Surprisingly, none of the inbuilt Excel data validation rules cater for a very typical situation when you need to restrict users to entering only numbers in specific cells.
But this can be easily done with a custom data validation formula based on the ISNUMBER function, like this one: Where D2 is the uppermost cell of the selected range.
In yesterday's tutorial we started to look at Excel Data Validation - what its purpose is, how it works, and how to use built-in rules to validate data in your worksheets.
Today, we are going to take a step further and talk about the nitty-gritty aspects of custom data validation in Excel as well as experiment with a handful of different validation formulas.
On another sheet in the workbook, you'll create a list of valid dates.
In this example, the sheet with the list is named Admin Lists.
To limit the entry to a date within a specified range, you can use either the predefined Date rule with the "between" criteria or make a custom validation rule with this generic formula: Please notice that the boundary dates are locked with absolute cell references.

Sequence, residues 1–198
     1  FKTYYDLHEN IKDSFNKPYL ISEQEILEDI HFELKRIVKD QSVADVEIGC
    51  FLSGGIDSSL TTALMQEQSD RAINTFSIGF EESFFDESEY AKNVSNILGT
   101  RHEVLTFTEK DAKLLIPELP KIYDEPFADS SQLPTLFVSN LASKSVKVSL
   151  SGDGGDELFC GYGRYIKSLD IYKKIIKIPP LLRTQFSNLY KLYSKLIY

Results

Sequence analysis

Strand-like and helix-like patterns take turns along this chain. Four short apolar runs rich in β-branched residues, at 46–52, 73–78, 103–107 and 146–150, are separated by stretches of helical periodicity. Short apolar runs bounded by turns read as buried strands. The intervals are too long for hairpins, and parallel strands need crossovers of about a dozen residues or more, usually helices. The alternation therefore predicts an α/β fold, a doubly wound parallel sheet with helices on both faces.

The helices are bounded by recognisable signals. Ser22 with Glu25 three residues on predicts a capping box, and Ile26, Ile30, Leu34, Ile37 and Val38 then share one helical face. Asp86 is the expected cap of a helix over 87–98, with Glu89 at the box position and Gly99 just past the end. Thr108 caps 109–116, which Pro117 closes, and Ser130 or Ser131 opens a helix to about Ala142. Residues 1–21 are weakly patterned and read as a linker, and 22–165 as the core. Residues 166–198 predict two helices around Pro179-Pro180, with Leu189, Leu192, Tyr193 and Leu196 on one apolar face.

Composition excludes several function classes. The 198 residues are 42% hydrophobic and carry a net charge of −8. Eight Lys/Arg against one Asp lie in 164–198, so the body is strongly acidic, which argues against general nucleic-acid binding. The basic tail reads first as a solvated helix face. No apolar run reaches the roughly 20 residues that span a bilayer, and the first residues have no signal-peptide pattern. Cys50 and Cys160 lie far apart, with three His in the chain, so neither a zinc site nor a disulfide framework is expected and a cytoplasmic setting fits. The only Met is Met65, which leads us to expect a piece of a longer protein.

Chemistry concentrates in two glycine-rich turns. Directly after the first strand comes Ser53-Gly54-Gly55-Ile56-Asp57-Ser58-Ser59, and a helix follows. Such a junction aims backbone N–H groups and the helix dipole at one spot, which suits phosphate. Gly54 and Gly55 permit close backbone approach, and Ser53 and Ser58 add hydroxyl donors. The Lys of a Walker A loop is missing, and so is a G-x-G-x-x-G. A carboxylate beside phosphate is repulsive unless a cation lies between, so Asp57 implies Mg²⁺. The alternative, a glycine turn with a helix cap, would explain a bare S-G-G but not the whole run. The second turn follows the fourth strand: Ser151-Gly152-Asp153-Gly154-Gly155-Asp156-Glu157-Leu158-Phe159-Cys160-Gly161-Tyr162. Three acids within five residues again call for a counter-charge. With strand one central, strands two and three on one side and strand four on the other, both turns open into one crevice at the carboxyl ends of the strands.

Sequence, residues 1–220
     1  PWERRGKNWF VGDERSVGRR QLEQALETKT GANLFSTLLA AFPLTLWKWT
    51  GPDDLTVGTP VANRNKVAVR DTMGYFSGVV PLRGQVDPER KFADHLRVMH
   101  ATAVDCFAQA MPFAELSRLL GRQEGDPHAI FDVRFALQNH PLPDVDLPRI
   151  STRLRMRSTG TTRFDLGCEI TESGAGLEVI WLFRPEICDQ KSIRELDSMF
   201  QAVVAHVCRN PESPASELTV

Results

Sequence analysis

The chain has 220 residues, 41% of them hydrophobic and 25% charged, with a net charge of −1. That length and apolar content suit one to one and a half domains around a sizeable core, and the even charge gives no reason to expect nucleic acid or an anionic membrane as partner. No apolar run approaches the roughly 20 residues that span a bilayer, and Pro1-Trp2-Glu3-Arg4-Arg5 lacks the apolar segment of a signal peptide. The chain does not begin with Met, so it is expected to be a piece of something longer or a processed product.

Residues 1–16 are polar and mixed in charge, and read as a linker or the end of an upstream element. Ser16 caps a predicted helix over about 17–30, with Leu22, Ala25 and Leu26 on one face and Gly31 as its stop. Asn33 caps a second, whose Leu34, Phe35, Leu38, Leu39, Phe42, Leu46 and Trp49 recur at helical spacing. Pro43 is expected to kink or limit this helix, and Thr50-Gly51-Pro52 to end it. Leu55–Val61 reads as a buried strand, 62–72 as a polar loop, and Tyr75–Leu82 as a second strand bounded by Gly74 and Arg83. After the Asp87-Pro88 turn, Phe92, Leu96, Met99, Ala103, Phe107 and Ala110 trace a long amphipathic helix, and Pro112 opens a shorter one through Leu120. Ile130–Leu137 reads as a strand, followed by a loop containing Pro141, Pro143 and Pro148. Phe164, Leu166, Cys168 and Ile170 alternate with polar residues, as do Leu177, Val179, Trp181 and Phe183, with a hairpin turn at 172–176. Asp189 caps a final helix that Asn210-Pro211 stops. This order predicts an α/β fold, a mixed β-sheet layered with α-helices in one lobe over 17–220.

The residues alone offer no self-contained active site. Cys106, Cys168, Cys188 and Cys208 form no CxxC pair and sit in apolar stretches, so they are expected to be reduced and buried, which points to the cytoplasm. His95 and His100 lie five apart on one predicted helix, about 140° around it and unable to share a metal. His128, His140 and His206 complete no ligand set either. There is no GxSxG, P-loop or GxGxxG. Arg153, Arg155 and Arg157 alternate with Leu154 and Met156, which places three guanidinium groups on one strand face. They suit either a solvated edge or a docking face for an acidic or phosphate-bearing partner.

To restrict a user to entering only weekdays or weekends, configure a custom validation rule based on the WEEKDAY function.
In this example, employees will fill in a Vacation Request Form for the year 2017.Copied data is not validated, nor is the data input in the cell before making the rule.To pin down existing entries that do not meet your data validation criteria, use the Circle Invalid Data feature as shown in How to find invalid data in Excel.If the same value already exists in the specified range (count greater than 1), COUNTIF returns FALSE and the input fails validation.Please pay attention that we lock the range with absolute cell references (A:$A) and use a relative reference for the top cell (A2) to get the formula to adjust properly for each cell in the validated range.